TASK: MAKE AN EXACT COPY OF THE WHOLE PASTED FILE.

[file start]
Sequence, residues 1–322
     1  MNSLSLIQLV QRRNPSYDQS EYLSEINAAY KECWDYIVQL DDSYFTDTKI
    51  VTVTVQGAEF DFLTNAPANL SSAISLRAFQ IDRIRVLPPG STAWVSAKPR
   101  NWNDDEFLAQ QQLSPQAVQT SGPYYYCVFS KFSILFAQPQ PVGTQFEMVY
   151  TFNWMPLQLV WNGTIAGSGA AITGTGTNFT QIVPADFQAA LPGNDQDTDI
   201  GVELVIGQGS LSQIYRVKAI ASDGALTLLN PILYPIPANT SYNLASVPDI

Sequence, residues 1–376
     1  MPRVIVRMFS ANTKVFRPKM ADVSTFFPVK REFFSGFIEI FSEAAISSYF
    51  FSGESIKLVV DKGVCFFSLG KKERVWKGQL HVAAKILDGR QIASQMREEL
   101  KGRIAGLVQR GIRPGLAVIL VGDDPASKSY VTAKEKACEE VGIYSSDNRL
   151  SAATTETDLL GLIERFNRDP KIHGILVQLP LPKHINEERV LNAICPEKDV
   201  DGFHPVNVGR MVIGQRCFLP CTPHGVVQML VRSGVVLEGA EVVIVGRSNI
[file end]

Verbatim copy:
Sequence, residues 1–322
     1  MNSLSLIQLV QRRNPSYDQS EYLSEINAAY KECWDYIVQL DDSYFTDTKI
    51  VTVTVQGAEF DFLTNAPANL SSAISLRAFQ IDRIRVLPPG STAWVSAKPR
   101  NWNDDEFLAQ QQLSPQAVQT SGPYYYCVFS KFSILFAQPQ PVGTQFEMVY
   151  TFNWMPLQLV WNGTIAGSGA AITGTGTNFT QIVPADFQAA LPGNDQDTDI
   201  GVELVIGQGS LSQIYRVKAI ASDGALTLLN PILYPIPANT SYNLASVPDI

Sequence, residues 1–376
     1  MPRVIVRMFS ANTKVFRPKM ADVSTFFPVK REFFSGFIEI FSEAAISSYF
    51  FSGESIKLVV DKGVCFFSLG KKERVWKGQL HVAAKILDGR QIASQMREEL
   101  KGRIAGLVQR GIRPGLAVIL VGDDPASKSY VTAKEKACEE VGIYSSDNRL
   151  SAATTETDLL GLIERFNRDP KIHGILVQLP LPKHINEERV LNAICPEKDV
   201  DGFHPVNVGR MVIGQRCFLP CTPHGVVQML VRSGVVLEGA EVVIVGRSNI